Setessan… Something

You perform a mid-round deck check on Alex during round 6 of a Theros sealed 5k, of which you are head judge. You quickly discover that he is playing a Setessan Battle Priest in his deck, but no copies of this card are marked in the Total column on his deck registration sheet. When you investigate further, you find that a Setessan Griffin is marked in his Total column, but it is not in his pool. When you speak to Alex, he says he didn’t notice the error because the card wasn’t in his main deck, so he didn’t bother to check that it was right on his sheet. As usual, the players had been instructed to confirm the contents of their pools before beginning deck construction.

Based on interviewing Alex, you believe that the pool has always contained the Battle Priest and not the Griffin. What do you do?

Judges, feel free to discuss this scenario on Judge Apps!

View Answer
Although Alex is playing a card that was not listed in his pool, the card has actually been there the entire time. This initially looks like a Deck/Deck List Problem, but the Definition of D/DLP stipulates “This infraction does not cover errors in registration made by another participant prior to a sealed pool swap, which should be corrected at the discretion of the judge.” So, this isn’t D/DLP, but we do need to correct the player’s list.

We also issue a Warning for Failure to Follow Official Announcements. Fundamentally, the error Alex has committed is failure to confirm the contents of his entire pool. This needs to be tracked so that if a pattern of “accidentally” having the wrong card marked emerges, we will have a record of it. Just because we don’t think Alex is cheating, that doesn’t mean we’re right!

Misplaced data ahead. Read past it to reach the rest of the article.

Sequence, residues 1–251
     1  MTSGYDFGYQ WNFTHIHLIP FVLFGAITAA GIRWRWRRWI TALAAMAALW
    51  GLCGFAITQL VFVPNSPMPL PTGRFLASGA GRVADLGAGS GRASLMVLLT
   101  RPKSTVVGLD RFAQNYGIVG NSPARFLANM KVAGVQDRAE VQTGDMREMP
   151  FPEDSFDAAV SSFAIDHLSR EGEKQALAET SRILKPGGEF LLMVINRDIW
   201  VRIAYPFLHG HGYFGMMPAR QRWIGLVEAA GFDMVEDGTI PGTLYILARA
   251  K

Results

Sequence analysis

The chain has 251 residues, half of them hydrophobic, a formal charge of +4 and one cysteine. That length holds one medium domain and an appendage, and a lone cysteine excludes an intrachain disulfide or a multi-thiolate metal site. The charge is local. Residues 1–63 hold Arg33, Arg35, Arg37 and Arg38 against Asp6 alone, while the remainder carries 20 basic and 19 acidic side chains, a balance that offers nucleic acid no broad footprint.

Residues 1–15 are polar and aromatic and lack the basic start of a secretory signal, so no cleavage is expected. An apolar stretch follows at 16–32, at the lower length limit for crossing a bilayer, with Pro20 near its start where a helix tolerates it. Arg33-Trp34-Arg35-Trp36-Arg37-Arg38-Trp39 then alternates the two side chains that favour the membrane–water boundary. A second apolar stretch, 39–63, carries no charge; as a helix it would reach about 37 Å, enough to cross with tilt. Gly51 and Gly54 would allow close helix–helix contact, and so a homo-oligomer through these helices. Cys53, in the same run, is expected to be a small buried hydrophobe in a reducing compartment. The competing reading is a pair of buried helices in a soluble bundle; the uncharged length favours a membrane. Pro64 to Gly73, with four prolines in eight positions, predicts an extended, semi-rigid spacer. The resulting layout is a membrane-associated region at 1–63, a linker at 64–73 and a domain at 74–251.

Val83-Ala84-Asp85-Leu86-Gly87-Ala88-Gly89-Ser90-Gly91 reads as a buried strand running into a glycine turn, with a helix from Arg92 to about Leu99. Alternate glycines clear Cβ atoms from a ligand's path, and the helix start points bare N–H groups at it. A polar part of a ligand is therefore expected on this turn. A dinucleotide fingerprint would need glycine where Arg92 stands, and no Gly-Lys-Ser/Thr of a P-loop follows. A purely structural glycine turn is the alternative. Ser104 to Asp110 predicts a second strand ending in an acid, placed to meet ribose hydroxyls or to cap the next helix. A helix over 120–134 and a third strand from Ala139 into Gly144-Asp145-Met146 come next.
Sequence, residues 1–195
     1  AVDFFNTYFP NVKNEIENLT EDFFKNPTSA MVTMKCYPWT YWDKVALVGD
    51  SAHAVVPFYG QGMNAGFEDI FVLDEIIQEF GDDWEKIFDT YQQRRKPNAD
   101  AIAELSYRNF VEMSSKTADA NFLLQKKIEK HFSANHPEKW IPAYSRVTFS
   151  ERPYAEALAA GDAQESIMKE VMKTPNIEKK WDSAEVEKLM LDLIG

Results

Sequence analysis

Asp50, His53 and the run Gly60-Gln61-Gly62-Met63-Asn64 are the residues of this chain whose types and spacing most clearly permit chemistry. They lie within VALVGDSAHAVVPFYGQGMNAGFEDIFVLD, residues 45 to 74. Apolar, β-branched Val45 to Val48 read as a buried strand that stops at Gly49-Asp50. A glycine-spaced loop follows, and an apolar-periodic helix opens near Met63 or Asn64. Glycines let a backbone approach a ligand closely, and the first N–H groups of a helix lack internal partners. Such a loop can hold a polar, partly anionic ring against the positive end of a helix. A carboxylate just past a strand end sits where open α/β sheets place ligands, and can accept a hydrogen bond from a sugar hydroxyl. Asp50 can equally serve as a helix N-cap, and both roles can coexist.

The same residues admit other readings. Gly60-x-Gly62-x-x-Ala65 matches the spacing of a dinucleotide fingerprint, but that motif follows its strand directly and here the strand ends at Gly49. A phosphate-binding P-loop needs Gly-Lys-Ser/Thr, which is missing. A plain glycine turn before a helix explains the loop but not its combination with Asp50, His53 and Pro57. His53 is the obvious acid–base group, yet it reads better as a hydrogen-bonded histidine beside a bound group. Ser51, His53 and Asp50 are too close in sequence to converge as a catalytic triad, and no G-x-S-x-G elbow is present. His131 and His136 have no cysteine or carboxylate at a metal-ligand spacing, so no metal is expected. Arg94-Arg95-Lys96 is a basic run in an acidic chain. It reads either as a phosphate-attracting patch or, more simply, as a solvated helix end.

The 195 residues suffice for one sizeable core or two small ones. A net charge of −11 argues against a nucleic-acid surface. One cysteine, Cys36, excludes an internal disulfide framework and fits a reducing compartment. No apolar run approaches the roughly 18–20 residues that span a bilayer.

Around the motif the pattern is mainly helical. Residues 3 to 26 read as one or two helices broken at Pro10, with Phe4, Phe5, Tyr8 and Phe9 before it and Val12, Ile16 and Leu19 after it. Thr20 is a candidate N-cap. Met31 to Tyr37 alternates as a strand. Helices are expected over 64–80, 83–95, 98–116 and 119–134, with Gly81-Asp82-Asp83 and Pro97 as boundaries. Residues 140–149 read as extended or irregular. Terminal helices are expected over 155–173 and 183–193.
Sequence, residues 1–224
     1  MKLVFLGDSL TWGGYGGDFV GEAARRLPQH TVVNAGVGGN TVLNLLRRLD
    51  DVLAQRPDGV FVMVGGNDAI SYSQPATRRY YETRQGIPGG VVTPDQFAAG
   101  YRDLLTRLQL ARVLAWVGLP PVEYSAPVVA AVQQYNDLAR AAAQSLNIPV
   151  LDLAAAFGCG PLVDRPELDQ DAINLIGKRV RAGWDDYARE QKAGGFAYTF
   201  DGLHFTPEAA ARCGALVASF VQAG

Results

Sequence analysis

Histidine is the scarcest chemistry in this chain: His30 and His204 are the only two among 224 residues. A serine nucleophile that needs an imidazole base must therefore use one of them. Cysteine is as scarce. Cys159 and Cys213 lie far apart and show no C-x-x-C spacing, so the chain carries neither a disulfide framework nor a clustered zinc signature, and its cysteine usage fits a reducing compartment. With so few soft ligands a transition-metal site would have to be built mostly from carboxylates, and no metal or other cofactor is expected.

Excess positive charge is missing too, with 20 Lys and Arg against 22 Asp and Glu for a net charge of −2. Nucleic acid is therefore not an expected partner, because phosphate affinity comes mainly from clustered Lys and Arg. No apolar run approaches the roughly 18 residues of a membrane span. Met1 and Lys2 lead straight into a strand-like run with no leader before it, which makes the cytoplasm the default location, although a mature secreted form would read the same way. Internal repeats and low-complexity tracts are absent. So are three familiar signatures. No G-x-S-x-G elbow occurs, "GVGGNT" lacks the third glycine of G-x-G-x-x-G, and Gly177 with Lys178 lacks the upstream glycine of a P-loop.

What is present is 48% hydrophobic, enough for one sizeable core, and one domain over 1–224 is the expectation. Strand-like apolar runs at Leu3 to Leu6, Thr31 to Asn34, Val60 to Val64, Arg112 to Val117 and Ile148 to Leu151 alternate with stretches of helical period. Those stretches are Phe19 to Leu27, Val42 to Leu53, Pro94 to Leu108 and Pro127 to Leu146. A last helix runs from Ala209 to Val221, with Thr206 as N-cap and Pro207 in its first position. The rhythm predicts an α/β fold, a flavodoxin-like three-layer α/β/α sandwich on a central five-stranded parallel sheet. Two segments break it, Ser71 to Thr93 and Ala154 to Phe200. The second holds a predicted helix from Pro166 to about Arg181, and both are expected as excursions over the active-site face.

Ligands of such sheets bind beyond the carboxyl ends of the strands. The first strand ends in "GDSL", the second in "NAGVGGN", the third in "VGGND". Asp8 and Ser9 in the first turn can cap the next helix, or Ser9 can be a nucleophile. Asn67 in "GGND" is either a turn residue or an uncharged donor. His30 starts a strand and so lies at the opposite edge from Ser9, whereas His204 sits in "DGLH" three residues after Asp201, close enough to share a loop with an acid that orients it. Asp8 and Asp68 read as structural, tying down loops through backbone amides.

(The correct infraction and its justification was nicely summed up by Alex Zhed, who is becoming an ace at my KP scenarios.)

This week we intentionally did not ask for infraction, penalty, and fix. Instead I wrote ‘What do you do?” This is more open ended question, in line with the realities you are faced with as a head judge. And, in reality, believing a player is being honest with you doesn’t mean your job is over once the infraction is handled.

Once you have the match going again, it is entirely appropriate to initiate a follow-up investigation. Although your initial impression is that Alex made an honest mistake, you want to be as sure you can be. If possible, find the player who registered Alex’s pool and Alex’s past opponents. Ask them if they saw either Setessan Battle Priest or Setessan Griffin during registration or in their matches with him. Keep in mind, the Battle Priest was in the player’s sideboard. It’s entirely possible that no opponent has seen the Priest. Everything is consistent as long as they haven’t seen the Griffin. If you discover Alex is cheating through your investigation, you can always DQ him at that point. If his story checks out, by doing the investigation as follow-up, you have avoided giving out a 25 minute extension just to discover everything was actually fine to begin with.

An additional step you can take to help avoid these situations is to have the players swap pools for confirmation between initial registration and deck building. This will not eliminate 100% of errors, but it should help prevent most of them.